* Any views expressed in this opinion piece are those of the author and not of Thomson Reuters Foundation.
Let your fashion choice be your expression, your voice and your vote for a sustainable future
Michelle Yeoh, Goodwill Ambassador, United Nations Development Programme (UNDP)
With the buzz of Fashion Week in the air, I am feeling nostalgic for the days when buying an outfit was something done with care. Fashion has become more affordable, and we have more of it. But the actual costs are much higher, and much more devastating, than we realize.
The increased production of clothes requires more natural resources, to grow crops like cotton or for livestock to produce wool, cashmere or leather. This is further stressing our forest, land and water resources. Chemicals used in dyes and processing are polluting rivers, harming ecosystems and people’s health. Despite fashion being a trillion-dollar industry, workers still face low wages and unsafe working conditions. On the opposite side of production is waste. We are wearing clothes for a shorter time, resulting in millions of tons of clothing going to landfills each year.
The good news is that things weren’t always like this. It’s only over the last 30 years or so that we’ve seen this shift towards increased volume. This gives me assurance that we are not so stuck in our ways. We can change. But how?
We can check labels. We can do a bit of research before buying. We can ask questions about the material and labor that went into a garment, in the same way that we assess its quality or fit. We want to feel good in our clothes. And we want to feel good about our clothes.
People all over the world have started demanding more of fashion. Since the 2013 Rana Plaza garment factory collapse that killed 1,134 people, Fashion Revolution has us asking #WhoMadeMyClothes? Greta Thunberg has brought our attention to the urgency of climate change, the fragility of our natural resources and the dangers of complacency – demanding action from the world’s political and business leaders. In support of this wave of activism, author Naomi Klein said, “A fresh generation are marching for revolution and they want to wear clothes that tell a new story. Let’s give it to them.”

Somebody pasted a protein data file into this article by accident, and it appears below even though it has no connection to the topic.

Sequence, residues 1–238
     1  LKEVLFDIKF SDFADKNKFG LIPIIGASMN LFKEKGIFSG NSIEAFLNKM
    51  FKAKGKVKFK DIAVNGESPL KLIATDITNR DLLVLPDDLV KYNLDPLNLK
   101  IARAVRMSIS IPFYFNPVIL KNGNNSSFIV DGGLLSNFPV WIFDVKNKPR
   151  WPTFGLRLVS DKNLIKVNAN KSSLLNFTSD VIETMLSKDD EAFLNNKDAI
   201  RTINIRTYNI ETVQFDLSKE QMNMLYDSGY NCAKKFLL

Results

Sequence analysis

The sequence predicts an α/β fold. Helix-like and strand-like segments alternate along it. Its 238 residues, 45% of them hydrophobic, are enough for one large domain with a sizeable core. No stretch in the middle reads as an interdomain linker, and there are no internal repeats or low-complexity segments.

And brands have started to respond - from corporate responsibility strategies to international commitments. In 2018, over 90 brands signed the Fashion Industry Charter for Climate Action, committing to reduce GHG emissions by 30 percent by 2030. In 2019, 32 companies representing 150 brands, signed the Fashion Pact, which includes commitments and targets on climate, biodiversity and oceans. The Pact recognizes “that our living natural capital is in danger and that this needs to be remedied to have a foundation for a thriving society and business.”
A sustainable fashion industry would have benefits across the 17 Sustainable Development Goals (SDGs), agreed by world leaders as a roadmap to end poverty and protect the planet by year 2030. Through my work with the United Nations Development Programme (UNDP), it’s been wonderful to learn about related ongoing work. In Mongolia, where the drying effects of climate change and overgrazing are contributing to land degradation, UNDP is supporting climate-informed management of natural resources and sustainable livestock practices. Blockchain technology for traceability is being tested, which can eventually help herders get a premium for sustainably sourced cashmere.
In Timor-Leste, where conflict disrupted a long tradition of weaving, UNDP is helping communities to both preserve this important piece of cultural heritage, as well as to build business skills towards economic empowerment. Related to jewelry, in Indonesia through the GEF GOLD Program, UNDP is helping to reduce the use of mercury, which is harmful to ecosystems and human health, in the artisanal scale gold mining (ASGM) sector.
There is much more, including through other UN agencies. The UN Alliance for Sustainable Fashion was established to support coordination between UN bodies, promoting projects and policies that ensure that the fashion value chain contributes to the achievement of the SDGs.
Being an informed consumer is therefore part of something bigger. Ask questions about material and labor before buying. If you’re not getting the responses you want from environmental, social and ethical perspectives, then demand better and look for alternatives. Or maybe you’ll decide to mend an old favorite instead. Let your fashion choice be your expression, your voice and your vote for a sustainable future.